Emily Zoladz | The Grand Rapids Press

A mental health program being taught in some Michigan middle schools and high schools is striving to help educate students about mental health and also save lives in the process.

As mlive.com reports, “Live, Laugh, Love: Educating Our Youth About Mental Health,” a program presented by the Mental Health Foundation of West Michigan, covers suicide prevention, depression and other mental illnesses. The program lasts four to eight weeks, and students are given mental health screenings. If need be, students can see a counselor right away.

“We need to talk about [mental illness] like we talk about diabetes and cancer,” said Christy Buck, director of the Mental Health Foundation of West Michigan. “Just like those things, mental illness is a sickness that’s treatable. It’s a disease of the brain, a chemical imbalance. People with mental illness can be moms. They can be good students.”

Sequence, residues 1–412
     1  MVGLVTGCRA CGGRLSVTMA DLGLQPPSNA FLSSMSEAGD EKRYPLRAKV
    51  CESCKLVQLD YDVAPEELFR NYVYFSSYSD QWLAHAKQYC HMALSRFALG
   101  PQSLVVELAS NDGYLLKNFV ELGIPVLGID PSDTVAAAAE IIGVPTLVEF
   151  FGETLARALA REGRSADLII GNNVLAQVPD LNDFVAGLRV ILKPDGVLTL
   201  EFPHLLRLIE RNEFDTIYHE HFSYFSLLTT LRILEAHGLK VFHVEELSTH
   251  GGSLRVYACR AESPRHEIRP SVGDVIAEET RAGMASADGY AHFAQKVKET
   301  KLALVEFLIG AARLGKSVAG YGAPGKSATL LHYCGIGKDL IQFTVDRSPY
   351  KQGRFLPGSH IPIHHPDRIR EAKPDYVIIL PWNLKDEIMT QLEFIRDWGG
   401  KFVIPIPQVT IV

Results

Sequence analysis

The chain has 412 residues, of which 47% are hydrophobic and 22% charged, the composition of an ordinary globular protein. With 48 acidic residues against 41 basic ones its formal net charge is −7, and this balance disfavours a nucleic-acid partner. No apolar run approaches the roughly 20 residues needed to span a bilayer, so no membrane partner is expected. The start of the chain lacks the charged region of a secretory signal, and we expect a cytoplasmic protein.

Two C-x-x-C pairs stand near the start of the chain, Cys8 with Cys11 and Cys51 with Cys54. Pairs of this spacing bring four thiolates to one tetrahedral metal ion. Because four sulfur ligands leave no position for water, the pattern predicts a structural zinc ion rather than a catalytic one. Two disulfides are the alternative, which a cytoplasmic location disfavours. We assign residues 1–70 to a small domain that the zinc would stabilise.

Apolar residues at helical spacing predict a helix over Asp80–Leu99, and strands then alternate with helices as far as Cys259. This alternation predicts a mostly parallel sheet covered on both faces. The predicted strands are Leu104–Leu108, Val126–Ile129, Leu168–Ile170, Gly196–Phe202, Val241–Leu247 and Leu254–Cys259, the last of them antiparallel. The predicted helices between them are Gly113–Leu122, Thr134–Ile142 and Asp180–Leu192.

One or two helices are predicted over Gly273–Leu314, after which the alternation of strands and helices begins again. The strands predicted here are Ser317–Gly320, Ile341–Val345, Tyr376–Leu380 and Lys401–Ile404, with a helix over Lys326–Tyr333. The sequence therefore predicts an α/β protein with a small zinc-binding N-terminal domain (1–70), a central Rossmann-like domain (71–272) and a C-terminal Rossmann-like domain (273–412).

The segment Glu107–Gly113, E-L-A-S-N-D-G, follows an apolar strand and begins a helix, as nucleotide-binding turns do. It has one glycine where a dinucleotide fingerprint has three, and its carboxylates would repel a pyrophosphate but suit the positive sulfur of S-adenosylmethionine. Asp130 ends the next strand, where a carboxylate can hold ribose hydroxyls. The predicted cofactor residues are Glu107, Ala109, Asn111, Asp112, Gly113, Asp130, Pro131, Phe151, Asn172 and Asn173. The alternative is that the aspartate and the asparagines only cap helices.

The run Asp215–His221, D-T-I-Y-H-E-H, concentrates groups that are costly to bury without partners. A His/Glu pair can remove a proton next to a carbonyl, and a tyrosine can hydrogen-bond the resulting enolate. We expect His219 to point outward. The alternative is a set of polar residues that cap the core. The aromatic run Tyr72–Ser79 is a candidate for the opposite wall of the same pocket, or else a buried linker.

The program, which began six years ago, has seen positive results:

“Out of one district’s questionnaires last year, 56 out of 240 wanted to talk to a professional, Buck said. Of those, 40 needed help for themselves. Others reported classmates they were concerned about.”

“The system worked,” Buck said. “That’s massive.”

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Heather Rudow is a staff writer for Counseling Today. Email her at hrudow@counseling.org.

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